10 Chickens, 5 Goats, 2 Dogs, 2 Women, and 2 Children
By Kevin Krein | Photography by Kelvin Andow
I started calling them “sad days”—the days where I find it’s more challenging to manage my poor mental health, and redirect myself into focusing on something else.
In a text message exchange with my wife, she asks how I’m doing, and I tell her that I’m having a bit of a “sad day.”
She responds, “Maybe the animals will help?” Continue reading
Improved facilities and technologies help vets better serve pets
By Holly Galbus | Photography by Kelvin Andow
Pet ownership is on the rise in the United States. According to 2017-2018 American Pet Products Association data, 68 percent, or 85 million families in the U.S. own a pet. That’s up six percent from 2014. And, more than ever before, we are including our pets in many of our daily activities, dining out and vacations. Continue reading
Pairing Trainers with Fosters to Raise Rescue Litters
By Sara Reusche, CBCC-KA CPDT-KSA CVT
Trainer Lindsay Kinney, CPDT-KA, is an advocate for puppies. And she saw a problem.
“In running weekly puppy classes, I would have students attend with 10-week-old puppies they had just adopted who were already showing concerning behaviors. Not everyone realizes that socialization begins the moment the puppy is able to interact with their environment and receive input. Continue reading
Pet Portrait Artist Creates While Coping with Movement Disorder
By Bob Freund
There’s a Big Dog in the room where John Kittleson works. A wall-sized portrait of yellow Labrador Retriever—its muzzle much larger than life-sized—looks silently over Kittleson’s shoulder as he draws.
The Big Dog gives a hint of Kittleson’s passions for both art and animals. He combines the two in his vivid portraits of peoples’ pets. Yes, he can sketch horses, cats, and farm animals, but his core subjects are dogs of all kinds. “I just finished my 82nd portrait in five years,” the artist says. Continue reading
Lost cat remains nonchalant about his disappearance while owner panics
By Bryan Lund
I only left for an hour.
Bad was gone when I came back. His distressed sister, Boujee, who was left behind to meow by the floor-level window he’d clearly fallen out of. Guilt flooded into my stomach. Neither Bad nor Boujee are outdoor cats. Loyal Wagazine readers may remember that my ex and I had made attempts to leash-train them, but brief trips around the front yard are as far into the wild as they ever got. Continue reading
There’s no manual for this emotional journey. Here’s how two pet owners coped.
By Renee Berg
The week she graduated from college, Rochester native Sarah Shonyo Boilson went to Paws & Claws Humane Society to adopt a dog. She arrived to meet one dog but left with another: Lady.
A then 4-year-old mixed breed, Lady had been at the humane society for several months. That day, she went home with Boilson, and the two were constant companions for 12 years—as Boilson went from college student to employee, from single to married, from childless to mother of one. Continue reading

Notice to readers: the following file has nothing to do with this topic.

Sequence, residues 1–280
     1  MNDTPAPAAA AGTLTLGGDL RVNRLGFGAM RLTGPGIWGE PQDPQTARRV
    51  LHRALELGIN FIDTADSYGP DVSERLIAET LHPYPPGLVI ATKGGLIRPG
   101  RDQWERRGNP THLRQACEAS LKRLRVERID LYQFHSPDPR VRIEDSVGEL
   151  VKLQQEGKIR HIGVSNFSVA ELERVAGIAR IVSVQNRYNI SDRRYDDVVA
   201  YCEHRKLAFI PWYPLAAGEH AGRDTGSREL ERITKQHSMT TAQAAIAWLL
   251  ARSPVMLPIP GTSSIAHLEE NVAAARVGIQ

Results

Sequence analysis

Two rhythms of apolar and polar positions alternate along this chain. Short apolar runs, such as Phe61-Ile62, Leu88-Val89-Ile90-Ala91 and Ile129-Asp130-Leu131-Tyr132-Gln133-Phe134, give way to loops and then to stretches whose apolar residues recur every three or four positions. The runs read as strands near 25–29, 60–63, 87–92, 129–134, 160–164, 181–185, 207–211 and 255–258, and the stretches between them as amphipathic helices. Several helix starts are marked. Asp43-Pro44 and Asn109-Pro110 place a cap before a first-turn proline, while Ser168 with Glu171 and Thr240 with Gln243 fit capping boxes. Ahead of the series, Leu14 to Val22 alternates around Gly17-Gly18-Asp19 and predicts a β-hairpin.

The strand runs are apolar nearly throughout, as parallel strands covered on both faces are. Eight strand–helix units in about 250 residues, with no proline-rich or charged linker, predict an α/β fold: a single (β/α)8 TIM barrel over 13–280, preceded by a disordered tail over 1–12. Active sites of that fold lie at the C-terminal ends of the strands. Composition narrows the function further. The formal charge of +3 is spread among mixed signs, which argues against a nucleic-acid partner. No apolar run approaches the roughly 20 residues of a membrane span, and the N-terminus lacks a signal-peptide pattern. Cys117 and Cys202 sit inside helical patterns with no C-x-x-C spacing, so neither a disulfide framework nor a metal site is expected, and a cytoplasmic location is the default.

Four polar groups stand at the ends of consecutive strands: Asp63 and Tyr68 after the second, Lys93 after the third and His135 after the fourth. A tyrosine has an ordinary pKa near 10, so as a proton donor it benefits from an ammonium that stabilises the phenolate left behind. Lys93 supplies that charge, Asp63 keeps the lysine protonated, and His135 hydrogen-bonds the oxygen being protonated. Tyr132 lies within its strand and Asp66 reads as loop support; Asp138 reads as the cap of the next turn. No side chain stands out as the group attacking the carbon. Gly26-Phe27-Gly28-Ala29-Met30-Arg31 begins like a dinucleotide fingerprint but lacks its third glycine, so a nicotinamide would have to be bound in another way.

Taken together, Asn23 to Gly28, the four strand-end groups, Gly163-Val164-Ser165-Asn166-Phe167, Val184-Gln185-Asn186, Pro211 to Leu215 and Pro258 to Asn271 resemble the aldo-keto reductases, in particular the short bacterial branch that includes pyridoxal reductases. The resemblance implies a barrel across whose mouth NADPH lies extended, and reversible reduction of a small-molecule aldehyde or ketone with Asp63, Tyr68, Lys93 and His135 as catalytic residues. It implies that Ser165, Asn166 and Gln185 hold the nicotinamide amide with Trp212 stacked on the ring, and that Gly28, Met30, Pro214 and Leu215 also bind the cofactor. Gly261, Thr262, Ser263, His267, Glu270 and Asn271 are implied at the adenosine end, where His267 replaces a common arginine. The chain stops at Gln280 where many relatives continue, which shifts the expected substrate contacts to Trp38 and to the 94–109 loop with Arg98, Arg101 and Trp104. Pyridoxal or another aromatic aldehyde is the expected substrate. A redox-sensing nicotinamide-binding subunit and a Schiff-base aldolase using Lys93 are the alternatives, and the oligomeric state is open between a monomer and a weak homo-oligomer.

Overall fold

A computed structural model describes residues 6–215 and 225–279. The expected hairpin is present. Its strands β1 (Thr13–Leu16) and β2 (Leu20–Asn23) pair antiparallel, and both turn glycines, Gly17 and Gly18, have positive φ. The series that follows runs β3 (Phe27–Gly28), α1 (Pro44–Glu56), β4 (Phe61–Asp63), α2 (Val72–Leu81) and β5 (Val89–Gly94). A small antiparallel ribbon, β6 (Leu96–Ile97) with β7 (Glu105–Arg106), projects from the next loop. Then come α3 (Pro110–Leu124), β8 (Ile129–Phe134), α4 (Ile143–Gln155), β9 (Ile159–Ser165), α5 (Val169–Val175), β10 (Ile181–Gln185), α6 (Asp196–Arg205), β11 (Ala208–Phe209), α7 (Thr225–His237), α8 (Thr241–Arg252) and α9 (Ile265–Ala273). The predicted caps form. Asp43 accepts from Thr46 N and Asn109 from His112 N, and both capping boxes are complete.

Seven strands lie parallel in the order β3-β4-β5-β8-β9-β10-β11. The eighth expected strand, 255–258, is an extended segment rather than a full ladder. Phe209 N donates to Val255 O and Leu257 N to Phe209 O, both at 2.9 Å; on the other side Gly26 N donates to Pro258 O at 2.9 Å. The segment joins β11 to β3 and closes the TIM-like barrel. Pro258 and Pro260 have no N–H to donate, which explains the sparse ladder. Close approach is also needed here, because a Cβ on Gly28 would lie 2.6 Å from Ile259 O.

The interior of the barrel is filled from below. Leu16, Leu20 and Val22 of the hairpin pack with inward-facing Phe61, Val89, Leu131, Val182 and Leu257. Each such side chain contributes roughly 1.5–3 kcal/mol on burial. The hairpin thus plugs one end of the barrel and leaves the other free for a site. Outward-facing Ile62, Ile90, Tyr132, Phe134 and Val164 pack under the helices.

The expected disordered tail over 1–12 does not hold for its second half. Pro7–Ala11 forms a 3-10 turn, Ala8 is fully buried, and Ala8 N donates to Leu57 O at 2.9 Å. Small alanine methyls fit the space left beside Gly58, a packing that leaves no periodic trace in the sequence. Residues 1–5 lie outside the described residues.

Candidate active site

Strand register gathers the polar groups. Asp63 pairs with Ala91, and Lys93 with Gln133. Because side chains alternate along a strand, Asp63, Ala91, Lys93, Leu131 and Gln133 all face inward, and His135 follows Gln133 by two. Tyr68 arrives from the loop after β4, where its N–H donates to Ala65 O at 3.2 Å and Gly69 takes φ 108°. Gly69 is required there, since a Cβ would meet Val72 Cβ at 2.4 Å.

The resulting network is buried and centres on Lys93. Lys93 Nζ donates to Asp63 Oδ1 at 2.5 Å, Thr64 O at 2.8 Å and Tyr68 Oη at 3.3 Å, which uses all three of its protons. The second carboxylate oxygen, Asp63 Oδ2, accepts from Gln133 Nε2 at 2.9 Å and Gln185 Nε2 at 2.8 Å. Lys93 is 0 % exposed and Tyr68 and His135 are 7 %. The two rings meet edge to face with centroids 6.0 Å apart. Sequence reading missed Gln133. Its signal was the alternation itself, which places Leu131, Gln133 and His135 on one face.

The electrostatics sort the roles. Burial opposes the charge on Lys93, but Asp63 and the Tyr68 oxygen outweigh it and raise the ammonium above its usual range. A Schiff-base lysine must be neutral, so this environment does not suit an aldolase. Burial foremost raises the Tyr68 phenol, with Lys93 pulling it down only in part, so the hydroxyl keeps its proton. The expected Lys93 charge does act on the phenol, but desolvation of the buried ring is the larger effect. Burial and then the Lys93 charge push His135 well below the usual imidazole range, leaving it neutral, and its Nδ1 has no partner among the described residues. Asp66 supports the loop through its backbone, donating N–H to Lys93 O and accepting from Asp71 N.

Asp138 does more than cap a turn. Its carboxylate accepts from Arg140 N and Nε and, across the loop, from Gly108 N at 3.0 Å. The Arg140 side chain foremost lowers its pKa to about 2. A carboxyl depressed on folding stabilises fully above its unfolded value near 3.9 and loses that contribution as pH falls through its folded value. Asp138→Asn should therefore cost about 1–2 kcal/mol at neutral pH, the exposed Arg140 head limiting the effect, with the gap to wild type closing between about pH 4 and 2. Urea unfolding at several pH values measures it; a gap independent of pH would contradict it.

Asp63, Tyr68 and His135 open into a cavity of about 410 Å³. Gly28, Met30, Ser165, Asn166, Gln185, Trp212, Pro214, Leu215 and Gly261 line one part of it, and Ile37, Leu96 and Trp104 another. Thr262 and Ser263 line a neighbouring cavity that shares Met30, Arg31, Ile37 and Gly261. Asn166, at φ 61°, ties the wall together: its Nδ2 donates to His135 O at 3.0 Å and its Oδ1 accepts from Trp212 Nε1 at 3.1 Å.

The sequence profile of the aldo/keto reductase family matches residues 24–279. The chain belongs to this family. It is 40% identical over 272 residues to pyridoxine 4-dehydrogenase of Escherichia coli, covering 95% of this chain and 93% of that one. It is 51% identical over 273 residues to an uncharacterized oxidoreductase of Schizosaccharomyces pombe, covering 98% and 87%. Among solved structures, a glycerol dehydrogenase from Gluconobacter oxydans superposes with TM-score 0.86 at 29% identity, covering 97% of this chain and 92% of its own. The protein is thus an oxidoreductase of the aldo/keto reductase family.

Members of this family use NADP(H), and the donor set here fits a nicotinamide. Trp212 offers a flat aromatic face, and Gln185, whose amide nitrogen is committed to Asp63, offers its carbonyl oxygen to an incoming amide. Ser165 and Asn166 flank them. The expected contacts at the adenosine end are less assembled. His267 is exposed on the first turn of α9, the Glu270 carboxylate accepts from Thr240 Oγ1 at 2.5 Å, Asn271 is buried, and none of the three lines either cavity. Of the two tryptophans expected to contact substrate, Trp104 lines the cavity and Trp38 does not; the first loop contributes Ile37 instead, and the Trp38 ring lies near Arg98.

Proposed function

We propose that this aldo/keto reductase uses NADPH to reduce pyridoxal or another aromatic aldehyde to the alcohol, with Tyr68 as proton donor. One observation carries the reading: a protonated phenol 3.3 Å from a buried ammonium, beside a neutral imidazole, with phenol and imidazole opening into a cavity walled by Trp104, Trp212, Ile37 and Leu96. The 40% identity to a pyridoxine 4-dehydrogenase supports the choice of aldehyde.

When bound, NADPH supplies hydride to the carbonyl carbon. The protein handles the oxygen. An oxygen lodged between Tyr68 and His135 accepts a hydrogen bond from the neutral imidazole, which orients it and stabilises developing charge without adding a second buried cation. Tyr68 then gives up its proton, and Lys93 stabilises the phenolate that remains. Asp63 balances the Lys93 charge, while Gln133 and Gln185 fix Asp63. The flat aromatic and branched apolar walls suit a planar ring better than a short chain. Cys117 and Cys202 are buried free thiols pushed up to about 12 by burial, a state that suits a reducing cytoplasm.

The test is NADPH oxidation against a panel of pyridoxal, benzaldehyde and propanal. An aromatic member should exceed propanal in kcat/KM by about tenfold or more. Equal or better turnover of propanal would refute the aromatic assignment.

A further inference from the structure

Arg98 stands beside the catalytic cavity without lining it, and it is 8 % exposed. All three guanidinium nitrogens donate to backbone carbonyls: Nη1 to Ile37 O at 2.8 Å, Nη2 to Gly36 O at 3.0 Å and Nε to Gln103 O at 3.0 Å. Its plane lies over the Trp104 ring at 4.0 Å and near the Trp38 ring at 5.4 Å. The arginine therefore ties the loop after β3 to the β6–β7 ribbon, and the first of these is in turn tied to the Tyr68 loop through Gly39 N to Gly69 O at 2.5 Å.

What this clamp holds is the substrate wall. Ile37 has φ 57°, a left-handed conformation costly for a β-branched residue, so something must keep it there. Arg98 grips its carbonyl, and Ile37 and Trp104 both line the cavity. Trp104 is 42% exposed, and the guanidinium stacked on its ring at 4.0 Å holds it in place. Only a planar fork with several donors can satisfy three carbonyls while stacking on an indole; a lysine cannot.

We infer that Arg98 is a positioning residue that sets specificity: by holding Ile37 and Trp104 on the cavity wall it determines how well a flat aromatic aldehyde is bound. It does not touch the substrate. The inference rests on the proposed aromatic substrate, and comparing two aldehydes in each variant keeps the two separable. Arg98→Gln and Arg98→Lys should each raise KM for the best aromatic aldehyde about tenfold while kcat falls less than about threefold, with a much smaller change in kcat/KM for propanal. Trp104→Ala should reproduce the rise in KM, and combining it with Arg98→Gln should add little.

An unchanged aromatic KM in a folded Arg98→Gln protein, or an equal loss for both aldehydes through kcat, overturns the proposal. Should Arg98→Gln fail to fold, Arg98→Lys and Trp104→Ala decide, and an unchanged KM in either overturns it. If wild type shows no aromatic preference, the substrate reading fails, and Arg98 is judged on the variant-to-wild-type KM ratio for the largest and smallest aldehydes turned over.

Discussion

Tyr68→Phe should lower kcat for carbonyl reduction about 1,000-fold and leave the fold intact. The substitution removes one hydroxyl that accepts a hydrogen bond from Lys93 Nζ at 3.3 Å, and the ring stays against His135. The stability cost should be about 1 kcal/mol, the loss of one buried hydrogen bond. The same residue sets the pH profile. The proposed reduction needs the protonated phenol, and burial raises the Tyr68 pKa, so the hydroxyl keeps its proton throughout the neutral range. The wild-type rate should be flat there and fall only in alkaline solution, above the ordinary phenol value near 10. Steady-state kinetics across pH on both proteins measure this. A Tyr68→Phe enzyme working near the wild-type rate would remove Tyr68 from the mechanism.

By Donna Chicone
Tis the Season
Spring is just around the corner, and dog parents are thinking about heartworm and flea and tick protection. Work with your veterinarian on the most appropriate treatment. Many pet parents are also looking for more holistic and natural treatments. Traditional and holistic treatments can work together and both can be effective. Continue reading
Orphaned newborn puppy needs a surrogate mother to survive
By Ellington Starks
Animal rescues are urgent by nature. This one was a matter of life and death.
On Feb. 16, 2018, the shelter in Detroit Lakes received two newborn pups whose Springer Spaniel mama had died in labor the night before. The relinquishing family knew they didn’t have the resources to keep the pups alive, so they reached out to the shelter in the hopes that the newborns could be saved. Continue reading
6 good reasons to adopt a senior
By KL Snyder | Photography by Kelvin Andow
Regarding puppies and grownup dogs and their adoption appeal, pups have the upper paw.
Shelter and rescue youngsters, silly and cute, find homes quickly while their more dignified elders wait and wait. That’s too bad, because for many adopters, a senior dog—senior means older than 7 or 8 years—is the perfect choice. Continue reading
Adapt diet, exercise and your home as your dog ages
By Jennifer Gangloff | Photography by Grape Soda Photography
At nearly 14 years old, our Chocolate Lab, Sophie, is in rough shape.
With muscle wasting and weakness in her hind limbs, she frequently stumbles, drags a back paw or even falls sideways when a leg gives out. Super well-behaved throughout her life, she now sometimes has accidents in the house. When outside to go potty, she often stands in the grass staring into space for long minutes, apparently unsure what to do. She can’t go up or down the stairs without help. And she has a variety of lumps, cysts and growths on her abdomen and sides. She is sometimes anxious, licking herself or panting. She’s at least half deaf and blind. Continue reading